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August 5, 2019

What is Hot Riveting and How is it used?

There has been a steady rise in the use of plastic materials in several production processes. Industries are continually trying to develop new materials that are cost and energy-efficient. As a result, the mixed materials assembly in product development is becoming increasingly popular. Companies are looking for ways to join

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University Of Leicester Prepares for Major Project

Contracts worth over £200 million have been handed out as the University of Leicester prepares to move forward with a major construction project. ENGIE and special purpose vehicle, Freemans Common Village LLP, will deliver the contracts which will see 1,164 new student homes built across seven blocks as well as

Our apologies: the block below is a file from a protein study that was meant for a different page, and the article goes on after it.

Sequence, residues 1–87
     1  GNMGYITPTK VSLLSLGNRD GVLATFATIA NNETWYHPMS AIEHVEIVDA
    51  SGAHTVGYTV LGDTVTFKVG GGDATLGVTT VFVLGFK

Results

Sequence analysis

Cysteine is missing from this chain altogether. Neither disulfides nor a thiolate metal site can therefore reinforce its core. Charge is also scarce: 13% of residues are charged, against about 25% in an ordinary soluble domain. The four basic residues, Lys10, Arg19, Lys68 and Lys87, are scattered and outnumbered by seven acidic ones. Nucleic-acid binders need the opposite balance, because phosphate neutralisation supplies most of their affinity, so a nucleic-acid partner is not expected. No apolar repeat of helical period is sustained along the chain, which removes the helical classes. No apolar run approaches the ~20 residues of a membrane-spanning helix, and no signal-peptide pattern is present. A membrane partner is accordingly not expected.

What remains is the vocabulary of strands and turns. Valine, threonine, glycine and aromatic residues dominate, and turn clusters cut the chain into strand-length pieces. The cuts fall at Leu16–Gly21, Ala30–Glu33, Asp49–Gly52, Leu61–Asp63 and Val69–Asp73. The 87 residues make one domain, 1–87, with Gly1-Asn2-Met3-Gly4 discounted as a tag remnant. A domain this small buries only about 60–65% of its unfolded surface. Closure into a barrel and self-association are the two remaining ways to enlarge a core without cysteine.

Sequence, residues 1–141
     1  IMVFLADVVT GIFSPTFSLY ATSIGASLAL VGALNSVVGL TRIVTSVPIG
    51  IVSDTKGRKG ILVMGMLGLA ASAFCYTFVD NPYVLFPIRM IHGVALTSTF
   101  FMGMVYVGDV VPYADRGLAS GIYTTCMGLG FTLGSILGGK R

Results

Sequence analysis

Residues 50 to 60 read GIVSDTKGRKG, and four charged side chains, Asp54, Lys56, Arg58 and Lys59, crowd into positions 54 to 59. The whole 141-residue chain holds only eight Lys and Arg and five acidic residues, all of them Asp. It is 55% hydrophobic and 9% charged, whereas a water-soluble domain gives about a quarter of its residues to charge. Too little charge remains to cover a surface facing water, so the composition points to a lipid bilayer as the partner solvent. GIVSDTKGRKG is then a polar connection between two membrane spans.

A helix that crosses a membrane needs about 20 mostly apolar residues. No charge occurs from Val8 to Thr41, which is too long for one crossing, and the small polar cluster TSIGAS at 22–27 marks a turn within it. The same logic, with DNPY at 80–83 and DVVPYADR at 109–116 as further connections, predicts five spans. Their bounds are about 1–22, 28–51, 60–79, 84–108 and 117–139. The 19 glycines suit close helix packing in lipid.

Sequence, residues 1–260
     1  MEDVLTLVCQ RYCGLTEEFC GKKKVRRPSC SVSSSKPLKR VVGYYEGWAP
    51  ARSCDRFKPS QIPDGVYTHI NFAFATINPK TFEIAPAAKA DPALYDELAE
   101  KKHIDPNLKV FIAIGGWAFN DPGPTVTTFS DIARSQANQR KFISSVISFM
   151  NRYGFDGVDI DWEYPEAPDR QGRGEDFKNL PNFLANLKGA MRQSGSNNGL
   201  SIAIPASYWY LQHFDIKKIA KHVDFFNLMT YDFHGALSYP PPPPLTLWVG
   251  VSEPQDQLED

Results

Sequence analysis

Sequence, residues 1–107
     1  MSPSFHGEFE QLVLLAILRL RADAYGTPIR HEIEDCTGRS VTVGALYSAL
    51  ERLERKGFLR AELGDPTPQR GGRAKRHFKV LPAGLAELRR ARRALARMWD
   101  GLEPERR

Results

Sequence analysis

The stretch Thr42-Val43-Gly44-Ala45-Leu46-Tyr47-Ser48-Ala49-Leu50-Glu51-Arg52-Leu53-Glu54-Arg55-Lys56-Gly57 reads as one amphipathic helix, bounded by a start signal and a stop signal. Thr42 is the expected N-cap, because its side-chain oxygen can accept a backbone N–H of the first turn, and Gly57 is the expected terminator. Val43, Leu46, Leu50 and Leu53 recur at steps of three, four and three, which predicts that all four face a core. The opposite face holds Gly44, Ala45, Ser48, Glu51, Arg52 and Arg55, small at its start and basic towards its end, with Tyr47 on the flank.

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Office Building in Exeter Sold for £9.36M

An office building in Exeter City Centre, which had as tenants Foot Anstey and wealth management firm Prydis, has been sold for £9.36 million. The 33,362 sq ft Senate Court office building has been sold by Prydis returning £2 million to investors in the process. “Exeter is a fast-growing city

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BDC 317 : Jun 2024

August 5, 2019

What is Hot Riveting and How is it used?